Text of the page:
KABUL - A key opposition leader on Monday accused the incumbent administration of seeking to rig the 2014 elections by opposing the inclusion of two foreigners in the Electoral Complaints Commission (ECC).
In an exclusive interview with Pajhwok Afghan News, Afghanistan National Coalition leader Dr. Abdullah Abdullah called President Hamid Karzai's stance on the issue an attempt to hijack the polls.
The former foreign minister believed the government's aversion to the temporary appointment of two foreigners as members of the commission showed it had no intention to organize transparent elections.
On Thursday, Karzai said foreign members be removed from the UN-supported panel. "The presence of foreigners in ECC is against the sovereignty of Afghanistan," he told a joint media briefing with NATO chief Anders Fogh Rasmussen.
On Sept. 24, the Wolesi Jirga -- lower house -- approved a draft law on the ECC composition, duties and powers. Under the draft, the president has to approve the appointment of five of the eight experts recommended for the panel's membership.
In line with the proposed measure, the United Nations can name two experts as temporary members of the body that previously had three Afghan and two foreign commissioners.
Abdullah rejected Karzai's criticism as unwarranted, saying the foreigners' role in the electoral watchdog had boosted the credibility of past elections in the eyes of world and the Afghans alike.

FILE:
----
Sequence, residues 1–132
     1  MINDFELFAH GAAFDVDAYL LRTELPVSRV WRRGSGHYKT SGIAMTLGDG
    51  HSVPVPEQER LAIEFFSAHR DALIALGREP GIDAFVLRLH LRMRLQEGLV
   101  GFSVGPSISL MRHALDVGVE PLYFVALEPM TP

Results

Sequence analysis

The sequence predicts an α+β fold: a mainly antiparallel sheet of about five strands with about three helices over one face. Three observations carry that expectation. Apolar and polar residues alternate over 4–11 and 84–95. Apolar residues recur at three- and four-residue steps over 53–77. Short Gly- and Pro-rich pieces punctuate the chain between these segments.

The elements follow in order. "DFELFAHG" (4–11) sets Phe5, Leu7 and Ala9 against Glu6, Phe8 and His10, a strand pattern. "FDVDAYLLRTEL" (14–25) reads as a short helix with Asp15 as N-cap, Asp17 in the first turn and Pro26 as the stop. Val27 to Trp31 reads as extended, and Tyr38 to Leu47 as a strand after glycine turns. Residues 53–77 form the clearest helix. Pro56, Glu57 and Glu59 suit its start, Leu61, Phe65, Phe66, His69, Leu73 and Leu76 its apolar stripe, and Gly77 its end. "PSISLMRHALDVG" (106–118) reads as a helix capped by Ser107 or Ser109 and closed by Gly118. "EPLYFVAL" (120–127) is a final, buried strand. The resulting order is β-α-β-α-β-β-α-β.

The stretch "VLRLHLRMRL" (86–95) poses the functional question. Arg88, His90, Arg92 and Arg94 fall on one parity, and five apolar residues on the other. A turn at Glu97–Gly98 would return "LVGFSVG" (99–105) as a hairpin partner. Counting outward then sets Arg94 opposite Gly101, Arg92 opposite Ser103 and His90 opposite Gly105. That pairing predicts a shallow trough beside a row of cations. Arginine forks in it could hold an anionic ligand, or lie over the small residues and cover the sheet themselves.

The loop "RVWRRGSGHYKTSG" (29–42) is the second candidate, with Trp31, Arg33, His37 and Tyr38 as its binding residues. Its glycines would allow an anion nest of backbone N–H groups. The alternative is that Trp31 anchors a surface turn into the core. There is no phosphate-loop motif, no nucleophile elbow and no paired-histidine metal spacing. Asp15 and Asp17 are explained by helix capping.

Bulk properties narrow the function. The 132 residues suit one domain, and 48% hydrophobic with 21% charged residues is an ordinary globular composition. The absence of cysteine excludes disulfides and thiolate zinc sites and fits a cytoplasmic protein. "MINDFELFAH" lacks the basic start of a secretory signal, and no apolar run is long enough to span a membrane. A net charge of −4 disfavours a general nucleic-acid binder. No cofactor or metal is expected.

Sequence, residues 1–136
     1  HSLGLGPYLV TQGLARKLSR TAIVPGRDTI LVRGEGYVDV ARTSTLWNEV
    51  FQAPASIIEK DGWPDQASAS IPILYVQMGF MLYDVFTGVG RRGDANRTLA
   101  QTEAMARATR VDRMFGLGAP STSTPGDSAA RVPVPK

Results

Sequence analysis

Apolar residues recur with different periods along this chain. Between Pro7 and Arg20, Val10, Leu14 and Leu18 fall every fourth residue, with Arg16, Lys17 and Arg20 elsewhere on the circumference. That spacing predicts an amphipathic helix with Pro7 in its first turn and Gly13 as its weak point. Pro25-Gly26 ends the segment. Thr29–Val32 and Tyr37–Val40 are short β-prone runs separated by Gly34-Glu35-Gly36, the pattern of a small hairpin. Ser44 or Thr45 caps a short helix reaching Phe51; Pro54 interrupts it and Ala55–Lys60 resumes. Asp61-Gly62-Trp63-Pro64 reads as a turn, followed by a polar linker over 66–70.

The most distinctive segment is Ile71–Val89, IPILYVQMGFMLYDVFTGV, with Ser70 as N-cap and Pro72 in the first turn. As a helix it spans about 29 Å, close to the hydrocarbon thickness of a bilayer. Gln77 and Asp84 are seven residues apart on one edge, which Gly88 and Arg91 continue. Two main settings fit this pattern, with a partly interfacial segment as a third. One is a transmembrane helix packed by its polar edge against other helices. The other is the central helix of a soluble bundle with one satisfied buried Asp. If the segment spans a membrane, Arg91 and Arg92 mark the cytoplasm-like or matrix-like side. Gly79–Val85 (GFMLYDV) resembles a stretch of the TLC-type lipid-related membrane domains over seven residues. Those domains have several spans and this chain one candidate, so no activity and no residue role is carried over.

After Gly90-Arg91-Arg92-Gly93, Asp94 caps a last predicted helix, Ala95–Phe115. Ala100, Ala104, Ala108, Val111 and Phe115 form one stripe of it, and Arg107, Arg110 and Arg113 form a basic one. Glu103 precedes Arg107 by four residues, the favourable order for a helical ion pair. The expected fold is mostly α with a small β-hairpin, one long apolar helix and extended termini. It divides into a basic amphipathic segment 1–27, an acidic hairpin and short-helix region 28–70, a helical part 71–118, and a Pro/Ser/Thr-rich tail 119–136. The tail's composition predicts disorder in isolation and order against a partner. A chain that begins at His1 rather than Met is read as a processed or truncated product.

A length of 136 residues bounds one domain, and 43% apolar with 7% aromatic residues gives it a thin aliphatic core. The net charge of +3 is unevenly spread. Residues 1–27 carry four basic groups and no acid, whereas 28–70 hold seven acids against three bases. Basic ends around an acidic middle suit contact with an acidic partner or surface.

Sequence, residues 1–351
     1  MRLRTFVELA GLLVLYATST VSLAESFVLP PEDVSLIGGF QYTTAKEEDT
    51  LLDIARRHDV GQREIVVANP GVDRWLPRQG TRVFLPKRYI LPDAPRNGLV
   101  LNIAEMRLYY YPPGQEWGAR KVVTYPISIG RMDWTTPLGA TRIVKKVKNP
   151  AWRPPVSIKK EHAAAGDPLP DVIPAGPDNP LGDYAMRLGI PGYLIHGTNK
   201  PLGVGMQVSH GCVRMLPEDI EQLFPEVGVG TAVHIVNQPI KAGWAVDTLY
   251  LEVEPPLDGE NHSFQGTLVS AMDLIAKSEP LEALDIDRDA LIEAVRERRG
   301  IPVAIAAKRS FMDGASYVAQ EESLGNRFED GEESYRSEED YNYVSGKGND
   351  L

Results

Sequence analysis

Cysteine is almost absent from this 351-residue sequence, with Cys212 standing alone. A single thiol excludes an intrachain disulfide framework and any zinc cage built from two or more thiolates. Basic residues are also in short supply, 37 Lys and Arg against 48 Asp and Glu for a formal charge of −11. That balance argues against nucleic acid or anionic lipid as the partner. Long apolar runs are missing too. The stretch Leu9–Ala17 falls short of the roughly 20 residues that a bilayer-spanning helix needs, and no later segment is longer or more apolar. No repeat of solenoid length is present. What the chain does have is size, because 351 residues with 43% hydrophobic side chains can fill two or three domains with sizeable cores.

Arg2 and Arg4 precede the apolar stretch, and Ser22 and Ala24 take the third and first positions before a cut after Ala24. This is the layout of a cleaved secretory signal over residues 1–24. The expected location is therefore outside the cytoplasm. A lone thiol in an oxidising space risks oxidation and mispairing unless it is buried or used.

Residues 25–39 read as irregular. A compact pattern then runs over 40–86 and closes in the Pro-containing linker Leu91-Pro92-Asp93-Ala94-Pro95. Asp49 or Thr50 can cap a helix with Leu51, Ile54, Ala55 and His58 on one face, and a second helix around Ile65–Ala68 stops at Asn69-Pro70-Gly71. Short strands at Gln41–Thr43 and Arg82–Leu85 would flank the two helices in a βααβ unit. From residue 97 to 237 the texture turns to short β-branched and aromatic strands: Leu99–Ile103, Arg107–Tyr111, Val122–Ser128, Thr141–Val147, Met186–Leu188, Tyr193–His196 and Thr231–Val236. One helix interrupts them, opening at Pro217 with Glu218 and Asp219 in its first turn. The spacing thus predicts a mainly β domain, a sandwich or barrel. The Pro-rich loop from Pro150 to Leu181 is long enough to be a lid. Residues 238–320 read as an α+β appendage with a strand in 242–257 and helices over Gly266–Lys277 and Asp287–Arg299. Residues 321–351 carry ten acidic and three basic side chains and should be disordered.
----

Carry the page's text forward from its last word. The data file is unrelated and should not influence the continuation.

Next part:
Linking their inclusion to national sovereignty was aimed at creating doubts in people's minds and provoking public sentiments, he claimed. "National sovereignty will be enforced when rule of law is established and people's confidence in the system restored; when we stand on our own feet."
He attacked the president for trying to cement his administration's grip on the Afghanistan Independent Election Commission and ECC by excluding foreigners from the panels.
"I don't want to look at issues with a jaundiced eye and hope necessary measures will be taken to hold the polls in a free and fair manner. But if the government wants to favor a certain contender, the country will plunge into a serious crisis," he warned.
Abdullah underlined a greater role for political groups in the electoral exercise and its transparency, as suggested in the draft law.
In response to a query, he said the masses were concerned about the situation after 2014, when NATO-led combat troops are scheduled to leave Afghanistan. "The people should be kept posted on the steps taken toward conducting the election process."
He hoped a smooth power transfer through transparent elections would help resolve the existing economic and security problems facing the country. (Pajhwok)